An Oklahoma County judge ruled Tuesday in Gov. Mary Fallin’s favor in a dispute with the news media over the openness of records.
The judge ruled the governor can lawfully withhold from the public documents covered by a deliberative process privilege.
At issue in the dispute are 31 documents about a 2011 decision involving Obamacare.
“The court finds the deliberative process privilege is recognized under common law in Oklahoma, and it is supported by Supreme Court rule as an exception to the Oklahoma Open Records Act,” District Judge Barbara Swinton ruled.
“The court finds the deliberative process privilege thus may be used by the defendant to protect the content of the documents withheld.”
An appeal is expected eventually.
“This is only the beginning of our work and we look forward to the next steps in the process to ensure that our client and the people of Oklahoma have the transparency they are afforded by the law,” said Ryan Kiesel, executive director of the American Civil Liberties Union of Oklahoma.
The ACLU of Oklahoma last year sued the governor for the records, on behalf of The Lost Ogle, a satirical online news site.
“We are pleased by the court’s ruling,” said Alex Weintz, a spokesman for the governor.
He said the ruling is expected to be “just the first step in a longer legal process.”
“The governor welcomes the chance to resolve this issue in court and provide clarity as to the provisions and limits of the Open Records Act,” the spokesman said.
“While the legal process plays out, our office continues to be committed to transparency and openness. We have, to date, released over 100,000 pages of documents in response to open records requests, more than all other Oklahoma governors combined,” Weintz also said.
Fallin in 2011 rejected a $54 million federal grant that would have paid for the creation of an online exchange, or marketplace, in Oklahoma for purchasing private health insurance plans.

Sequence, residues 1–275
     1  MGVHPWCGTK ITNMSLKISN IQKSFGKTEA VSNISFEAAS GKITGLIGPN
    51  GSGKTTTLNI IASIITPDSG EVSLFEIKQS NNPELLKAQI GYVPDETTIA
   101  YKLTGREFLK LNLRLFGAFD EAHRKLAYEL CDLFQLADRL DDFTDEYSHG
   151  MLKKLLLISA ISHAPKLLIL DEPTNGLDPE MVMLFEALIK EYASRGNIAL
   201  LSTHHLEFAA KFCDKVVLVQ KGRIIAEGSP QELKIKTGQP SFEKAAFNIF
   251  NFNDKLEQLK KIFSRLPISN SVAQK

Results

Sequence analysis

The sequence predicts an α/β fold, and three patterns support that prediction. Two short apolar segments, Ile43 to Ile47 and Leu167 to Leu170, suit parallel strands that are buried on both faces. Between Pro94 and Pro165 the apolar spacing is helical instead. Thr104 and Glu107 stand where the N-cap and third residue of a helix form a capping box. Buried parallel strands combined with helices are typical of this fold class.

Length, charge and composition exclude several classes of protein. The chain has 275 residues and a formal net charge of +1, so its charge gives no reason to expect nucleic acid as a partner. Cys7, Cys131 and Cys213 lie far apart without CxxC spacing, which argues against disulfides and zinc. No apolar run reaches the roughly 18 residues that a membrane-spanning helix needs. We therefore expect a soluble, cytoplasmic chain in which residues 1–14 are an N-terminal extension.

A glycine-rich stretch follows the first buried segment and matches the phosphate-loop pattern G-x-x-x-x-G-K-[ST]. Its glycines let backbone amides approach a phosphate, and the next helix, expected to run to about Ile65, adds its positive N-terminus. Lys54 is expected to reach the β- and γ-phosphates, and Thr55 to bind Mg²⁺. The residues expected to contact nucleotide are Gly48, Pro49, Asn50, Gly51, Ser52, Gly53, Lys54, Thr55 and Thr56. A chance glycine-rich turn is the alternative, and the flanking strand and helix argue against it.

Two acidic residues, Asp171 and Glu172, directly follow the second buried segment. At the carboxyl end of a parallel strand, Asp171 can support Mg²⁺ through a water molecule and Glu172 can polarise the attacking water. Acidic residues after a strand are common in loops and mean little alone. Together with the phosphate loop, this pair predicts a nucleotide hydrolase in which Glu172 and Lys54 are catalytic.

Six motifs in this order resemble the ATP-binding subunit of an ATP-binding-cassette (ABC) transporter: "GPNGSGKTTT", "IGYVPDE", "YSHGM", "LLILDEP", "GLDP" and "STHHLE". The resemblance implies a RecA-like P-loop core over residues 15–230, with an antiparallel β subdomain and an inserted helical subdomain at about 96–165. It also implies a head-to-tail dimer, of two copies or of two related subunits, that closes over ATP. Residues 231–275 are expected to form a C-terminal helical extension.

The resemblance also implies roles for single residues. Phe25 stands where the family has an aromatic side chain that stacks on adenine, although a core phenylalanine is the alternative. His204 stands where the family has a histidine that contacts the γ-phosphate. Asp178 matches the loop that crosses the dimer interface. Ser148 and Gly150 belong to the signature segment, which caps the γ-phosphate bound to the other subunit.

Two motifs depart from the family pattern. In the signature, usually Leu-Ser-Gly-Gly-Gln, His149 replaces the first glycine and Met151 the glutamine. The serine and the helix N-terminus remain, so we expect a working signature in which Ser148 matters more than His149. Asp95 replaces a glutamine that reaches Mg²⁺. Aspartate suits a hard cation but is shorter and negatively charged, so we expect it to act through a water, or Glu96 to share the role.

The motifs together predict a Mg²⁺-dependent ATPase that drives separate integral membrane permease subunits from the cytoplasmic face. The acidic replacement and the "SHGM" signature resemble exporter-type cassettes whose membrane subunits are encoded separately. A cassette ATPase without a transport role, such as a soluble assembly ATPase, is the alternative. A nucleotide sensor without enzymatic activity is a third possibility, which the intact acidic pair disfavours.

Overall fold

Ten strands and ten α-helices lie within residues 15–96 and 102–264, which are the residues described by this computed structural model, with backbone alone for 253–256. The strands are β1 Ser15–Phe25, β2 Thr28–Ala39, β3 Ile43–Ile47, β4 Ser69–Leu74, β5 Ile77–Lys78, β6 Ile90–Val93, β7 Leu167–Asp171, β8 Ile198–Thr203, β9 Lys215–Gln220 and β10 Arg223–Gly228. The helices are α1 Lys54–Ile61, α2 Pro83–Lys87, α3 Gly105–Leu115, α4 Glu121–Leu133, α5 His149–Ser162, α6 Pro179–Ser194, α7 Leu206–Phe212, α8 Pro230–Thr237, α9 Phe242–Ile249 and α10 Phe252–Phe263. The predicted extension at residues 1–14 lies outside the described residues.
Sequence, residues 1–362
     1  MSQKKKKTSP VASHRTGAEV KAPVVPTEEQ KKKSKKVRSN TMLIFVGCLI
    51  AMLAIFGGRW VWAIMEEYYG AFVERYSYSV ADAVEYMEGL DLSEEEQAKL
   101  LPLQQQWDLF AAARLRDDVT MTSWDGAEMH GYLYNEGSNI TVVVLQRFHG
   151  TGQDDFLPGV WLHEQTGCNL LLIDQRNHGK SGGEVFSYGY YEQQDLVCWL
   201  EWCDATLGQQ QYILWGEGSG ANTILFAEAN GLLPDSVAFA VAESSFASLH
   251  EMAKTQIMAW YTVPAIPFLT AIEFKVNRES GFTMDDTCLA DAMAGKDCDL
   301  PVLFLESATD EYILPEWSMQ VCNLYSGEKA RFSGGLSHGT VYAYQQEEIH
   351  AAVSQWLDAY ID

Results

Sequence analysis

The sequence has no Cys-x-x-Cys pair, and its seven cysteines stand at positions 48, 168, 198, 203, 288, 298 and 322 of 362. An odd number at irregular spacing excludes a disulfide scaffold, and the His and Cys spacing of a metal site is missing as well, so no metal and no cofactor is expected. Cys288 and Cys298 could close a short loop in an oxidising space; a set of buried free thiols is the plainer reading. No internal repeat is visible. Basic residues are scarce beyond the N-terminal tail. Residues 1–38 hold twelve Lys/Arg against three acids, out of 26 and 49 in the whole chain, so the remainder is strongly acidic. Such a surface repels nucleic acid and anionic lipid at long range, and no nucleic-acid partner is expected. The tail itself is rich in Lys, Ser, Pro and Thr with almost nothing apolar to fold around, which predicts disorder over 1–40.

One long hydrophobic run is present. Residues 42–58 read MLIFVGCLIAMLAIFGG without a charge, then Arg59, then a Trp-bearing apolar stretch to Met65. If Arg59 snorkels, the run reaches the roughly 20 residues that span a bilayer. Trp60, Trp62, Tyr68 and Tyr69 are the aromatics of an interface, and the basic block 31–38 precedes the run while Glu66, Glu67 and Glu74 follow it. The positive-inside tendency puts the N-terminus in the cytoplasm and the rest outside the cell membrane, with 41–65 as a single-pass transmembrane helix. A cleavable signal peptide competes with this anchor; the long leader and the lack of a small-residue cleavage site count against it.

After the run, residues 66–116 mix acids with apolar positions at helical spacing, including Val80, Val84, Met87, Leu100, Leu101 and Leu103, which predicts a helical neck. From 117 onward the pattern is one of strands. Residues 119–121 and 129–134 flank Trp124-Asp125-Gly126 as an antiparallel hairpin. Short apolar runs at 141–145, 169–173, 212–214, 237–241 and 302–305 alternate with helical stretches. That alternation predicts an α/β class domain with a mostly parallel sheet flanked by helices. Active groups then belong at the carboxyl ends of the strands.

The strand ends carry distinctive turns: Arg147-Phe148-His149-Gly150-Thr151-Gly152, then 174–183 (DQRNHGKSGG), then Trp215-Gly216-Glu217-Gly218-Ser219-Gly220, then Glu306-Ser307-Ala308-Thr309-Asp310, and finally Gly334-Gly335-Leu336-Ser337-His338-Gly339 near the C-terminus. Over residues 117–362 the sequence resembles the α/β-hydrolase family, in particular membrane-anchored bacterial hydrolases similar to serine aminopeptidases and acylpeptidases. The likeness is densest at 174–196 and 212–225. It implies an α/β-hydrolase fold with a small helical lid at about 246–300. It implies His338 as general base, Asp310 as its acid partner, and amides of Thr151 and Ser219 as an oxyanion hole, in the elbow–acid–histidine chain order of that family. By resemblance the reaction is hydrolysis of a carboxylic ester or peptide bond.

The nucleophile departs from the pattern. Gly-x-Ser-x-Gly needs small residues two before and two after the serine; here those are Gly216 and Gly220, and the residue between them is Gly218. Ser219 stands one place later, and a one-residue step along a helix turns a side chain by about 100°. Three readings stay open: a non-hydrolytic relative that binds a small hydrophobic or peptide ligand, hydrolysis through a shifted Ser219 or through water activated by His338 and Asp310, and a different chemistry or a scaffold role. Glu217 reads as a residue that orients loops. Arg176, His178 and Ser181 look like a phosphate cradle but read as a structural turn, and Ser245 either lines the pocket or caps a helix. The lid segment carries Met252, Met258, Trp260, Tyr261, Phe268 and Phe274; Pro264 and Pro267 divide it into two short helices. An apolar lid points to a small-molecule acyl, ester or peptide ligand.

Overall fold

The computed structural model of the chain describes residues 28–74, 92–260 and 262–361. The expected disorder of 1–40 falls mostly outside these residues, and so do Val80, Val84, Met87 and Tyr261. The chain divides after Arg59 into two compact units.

The governor rejected it after opposition surfaced to establishing the exchange, one of the key components to the new federal health care law known as Obamacare.
Fallin in March 2012 released more than 51,000 pages of documents about her decision in response to open records requests from The Oklahoman, The Associated Press and other news organizations.
She withheld 31 documents totaling 100 pages. Her general counsel claimed those pages were exempt from the state Open Records Act on the grounds of executive privilege, deliberative process privilege and attorney-client privilege.
Brady Henderson, the legal director of the ACLU in Oklahoma, interpreted Tuesday’s ruling as a partial victory.
“The governor went into court with three privileges and she’s come out with one,” he said. “The court said, ‘There’s not constitutional or statutory authority for executive privilege. I’m not going to recognize it.’ Likewise, she does not recognize any properly asserted attorney-client privilege ... so she effectively rejects two of the three arguments by the governor.”
The judge noted in her five-page order that the main purpose of the deliberative process privilege “is to ensure that subordinates within an agency will feel free to provide the decision maker with their uninhibited opinions and recommendations without fear of later being subjected to public ridicule or criticism.”
It was unclear Tuesday if the governor claimed the deliberative process privilege on all of the 31 withheld documents.
The judge gave the governor 20 days to prepare a log listing what privilege was asserted for each document.